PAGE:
I believe Fabrizio’s segmentation of features by user type is one great way – and works beautifully in Funambol’s space, but I am not sure it as clear for every other segment as it is for Funambol’s division of community/enterprise and mobile carriers. Consider CRM, RDBMS, ETL, EAI, BI, etc. I would love your and Fabrizio’s thoughts on that – what do you see as the “separate kinds of users” in the corporate world? Seems fuzzy to me. Although it is true, to paraphrase Marten Mickos’ characterization, that some users will always have more time than money (“community) and others will have more money than time (“enterprise”), especially now during this poor economy I think there are more enterprises with limited budgets that would use community editions “for now” and then upgrade later to commercial versions with more features.

      I am also curious of your and Fabrizio’s thoughts on the use of visible code in the commercial/carrier license? Is it done? beneficial? Not a requirement?

      Ultimately, I agree with a key point of your post:
      “Open source core is not bad or good per se, as far as the name confusion is resolved in favor of customers. ”
      Yes, the key to any successful model is delivering value to users (both in open source and commercial editions.)

    • Chris Maresca 9:51 pm on March 11, 2009 Permalink

      Re: open core business models. I don’t think that’s anything new, we were proposing those kinds of models to client in 2003. And I don’t think we were the first.

      What is becoming clear is that most open source-based companies will have revenue from a variety of sources, each one of which will have it’s own business model. And the mix of revenue streams will be different for each company and it will change over time. Adaptability is the key thing, really.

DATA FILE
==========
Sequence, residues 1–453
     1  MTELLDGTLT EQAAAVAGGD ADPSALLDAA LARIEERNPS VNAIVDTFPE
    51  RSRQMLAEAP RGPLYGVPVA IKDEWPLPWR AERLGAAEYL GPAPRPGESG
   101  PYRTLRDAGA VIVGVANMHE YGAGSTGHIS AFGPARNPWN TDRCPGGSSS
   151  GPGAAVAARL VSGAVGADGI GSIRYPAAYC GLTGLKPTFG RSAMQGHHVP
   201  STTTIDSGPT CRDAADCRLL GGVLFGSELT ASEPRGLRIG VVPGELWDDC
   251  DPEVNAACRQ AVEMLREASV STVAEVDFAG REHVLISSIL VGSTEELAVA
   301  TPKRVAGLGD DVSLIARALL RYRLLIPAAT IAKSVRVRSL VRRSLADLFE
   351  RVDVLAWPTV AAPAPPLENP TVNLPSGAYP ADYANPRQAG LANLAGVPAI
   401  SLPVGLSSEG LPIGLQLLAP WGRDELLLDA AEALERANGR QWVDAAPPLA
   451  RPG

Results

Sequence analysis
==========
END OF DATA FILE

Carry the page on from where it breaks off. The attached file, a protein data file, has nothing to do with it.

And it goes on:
• Roberto Galoppini 6:21 pm on March 12, 2009 Permalink

      Hi Andrew, ciao Chris.

      I like the issues you’re raising Andrew, especially about segmentation.
      Talking about OpenOffice.org, just to make an example, I see a (potential) clear distinction between consumers and enterprises.

      While individuals basically need a free (as in beer) office suite, medium-to-large enterprises have different needs, included support for packaged-services to migrate macros, etc. Often isn’t just matter of time, at least if you have to manage risks (and in similar migrations you have to, indeed!).

      So said, I agree that every situation (package, and the product around it) is different, and how wisely says Chris you need to be flexible, time matters!

    • Chris Maresca 6:52 pm on March 12, 2009 Permalink

      One of the key things that most OSS people don’t realize is that no middle manager in a large organization will risk his job on a piece of open source. Yes, community support may be good, but you still need resources capable of tapping into that. Often, it’s just easier to pay OpenLogic or someone else for that support.

      I think this may change in the future as we see more open source being created and supported by end-user companies. It really hasn’t happened yet, at least not at the enterprise level, but I’ve heard rumors.